Sparrow did most of the questioning.  Tito Patrillo had been taking down the chimney when he’d suddenly yelled out.  The other workers thought he was hurt, but he’d merely reached into a hole in the chimney and removed a small black box.  He’d stood there, examining the contents.  Jewel box, they thought, but they weren’t sure.  He snapped it shut before any of them could see inside it.

They all had theories–the box contained jewelry or money or old documents, something like that.  But the only certainties were that Tito had found something, had been excited, had put the stuff in his lunchbox and walked off the job.

Wren and Sparrow examined the chimney hiding place.  It measured a couple of brick-lengths each way.

 “Tito’s a crazy guy,” Dunlop said.  “Wait till he comes back, I’ll get it out of him.”

“Where does he live?” Wren asked.

“Come on back to the office and I’ll look it up.”

That was all there was to it.  Wren and Sparrow got the address and returned to the car.  They were busy the rest of the afternoon and had no time to follow up on Tito Patrillo.  Nor did it seem important.  He didn’t have the connections for disposing of expensive jewelry.  If he tried to get away with something valuable, he’d be caught and if the thing wasn’t worth much, who cared?  Besides, Dunlop had said he’d handle it.  So sometime tomorrow, they’d stop by and ask him about it.

The next morning, they had a robbery to investigate, nothing out of the ordinary, but it would take an hour or so.  They were on their way there when the dispatcher called them.  Wren was driving, so Sparrow took the call.  The dispatcher ordered them up to an alley off Popular Street, where a body had been found.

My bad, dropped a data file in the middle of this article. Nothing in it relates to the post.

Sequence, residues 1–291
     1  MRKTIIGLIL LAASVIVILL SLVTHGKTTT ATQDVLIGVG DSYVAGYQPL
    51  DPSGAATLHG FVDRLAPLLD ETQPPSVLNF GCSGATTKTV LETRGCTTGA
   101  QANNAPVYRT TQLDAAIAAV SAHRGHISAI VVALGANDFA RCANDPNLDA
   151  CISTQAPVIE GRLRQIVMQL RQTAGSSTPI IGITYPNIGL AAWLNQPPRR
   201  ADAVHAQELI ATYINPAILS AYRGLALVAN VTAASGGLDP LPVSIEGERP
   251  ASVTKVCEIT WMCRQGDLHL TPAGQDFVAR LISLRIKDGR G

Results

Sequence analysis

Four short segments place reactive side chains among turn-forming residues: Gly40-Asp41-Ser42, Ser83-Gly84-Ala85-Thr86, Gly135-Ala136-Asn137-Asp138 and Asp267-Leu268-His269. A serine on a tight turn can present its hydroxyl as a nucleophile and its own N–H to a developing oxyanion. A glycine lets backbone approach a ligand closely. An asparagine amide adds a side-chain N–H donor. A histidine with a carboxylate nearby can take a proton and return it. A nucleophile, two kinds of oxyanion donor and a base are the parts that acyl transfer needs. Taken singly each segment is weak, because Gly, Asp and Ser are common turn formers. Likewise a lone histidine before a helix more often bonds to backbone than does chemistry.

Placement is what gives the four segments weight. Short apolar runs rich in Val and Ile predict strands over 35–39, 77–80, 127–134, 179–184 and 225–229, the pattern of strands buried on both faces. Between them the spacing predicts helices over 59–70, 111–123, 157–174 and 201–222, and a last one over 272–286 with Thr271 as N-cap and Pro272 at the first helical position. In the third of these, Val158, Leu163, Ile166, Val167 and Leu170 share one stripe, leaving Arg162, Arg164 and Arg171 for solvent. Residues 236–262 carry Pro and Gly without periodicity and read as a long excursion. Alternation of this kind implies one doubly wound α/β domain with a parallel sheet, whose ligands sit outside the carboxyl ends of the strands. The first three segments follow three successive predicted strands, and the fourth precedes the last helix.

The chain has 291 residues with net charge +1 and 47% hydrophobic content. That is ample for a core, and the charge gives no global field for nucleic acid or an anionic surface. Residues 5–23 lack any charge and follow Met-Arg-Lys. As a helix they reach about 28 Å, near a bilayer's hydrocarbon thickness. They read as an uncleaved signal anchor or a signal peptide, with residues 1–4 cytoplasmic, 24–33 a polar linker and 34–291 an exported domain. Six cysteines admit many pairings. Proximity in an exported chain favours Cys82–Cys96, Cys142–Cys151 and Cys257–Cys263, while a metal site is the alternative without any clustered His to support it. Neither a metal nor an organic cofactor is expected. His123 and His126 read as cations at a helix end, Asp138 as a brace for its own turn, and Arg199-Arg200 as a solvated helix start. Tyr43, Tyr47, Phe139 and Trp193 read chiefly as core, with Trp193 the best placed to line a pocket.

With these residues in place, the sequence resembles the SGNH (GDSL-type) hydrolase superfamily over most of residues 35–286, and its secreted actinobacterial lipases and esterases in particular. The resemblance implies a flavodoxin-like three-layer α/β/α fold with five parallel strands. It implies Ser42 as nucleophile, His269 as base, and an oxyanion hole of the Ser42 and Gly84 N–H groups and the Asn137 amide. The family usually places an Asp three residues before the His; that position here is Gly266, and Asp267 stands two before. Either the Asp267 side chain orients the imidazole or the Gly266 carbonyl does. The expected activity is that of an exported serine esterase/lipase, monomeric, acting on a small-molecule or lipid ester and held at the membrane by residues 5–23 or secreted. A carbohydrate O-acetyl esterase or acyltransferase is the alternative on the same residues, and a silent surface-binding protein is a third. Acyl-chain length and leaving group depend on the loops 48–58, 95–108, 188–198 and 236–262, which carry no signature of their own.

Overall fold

The alley was a dead-end between two buildings, one of which contained a pizza joint.  The cop on the beat was holding off a small crowd that kept shoving forward to get a look.  Wren and Sparrow cleared the alley and walked back.  Some garbage cans partly hid the body of a muscular little guy in a brown suit.  He was lying on his stomach, and his head was bashed in.

The uniformed cop explained, “The restaurant people put their garbage out at night and leave it in the alley overnight.  In the morning, the dishwasher lugs it out to the sidewalk, where it gets picked up around ten o’clock.  When he came out this morning, he saw this.  Says he didn’t touch anything.”

Sparrow bent down and felt the wrist of the corpse.  He stood up quickly.  “Feels cold,” he said.  “Killed sometime during the night.”

Killed over there,” Wren said.  He pointed to some stains near the mouth of the alley.  “Dragged back and dumped where nobody’d notice him for a while.”

Sparrow grimaced, drew back, and stared at the body.  The face was partly hidden by the outstretched arm.  “I’ve seen that guy somewhere,” he said.

“You and your memory,” Wren said, squinting.  His lips pursed out more than usual as he forced himself to bend down and examine what he could see of the face.  He stood up.  “Yeah,” he said.  “Seems like I’ve seen him, too.”

Sparrow swung around and walked rapidly to the rear of the alley.  Wren rocked on his heels and let his eyes drag themselves along the surface of the pavement and come to rest on the body.  The garbage can must have been knocked over the night before, because cheese and sauce from the pizza was smeared on the ground and spattered against the brick wall.  With his fingernail, Wren dislodged a small blob.  It had dried out and hardened like cement, but it was also powdery and flaked off into nothing.

The crowd kept watching him expectantly.  He heard someone say, “What is it?  What’s he got?”

“Cheese,” somebody answered.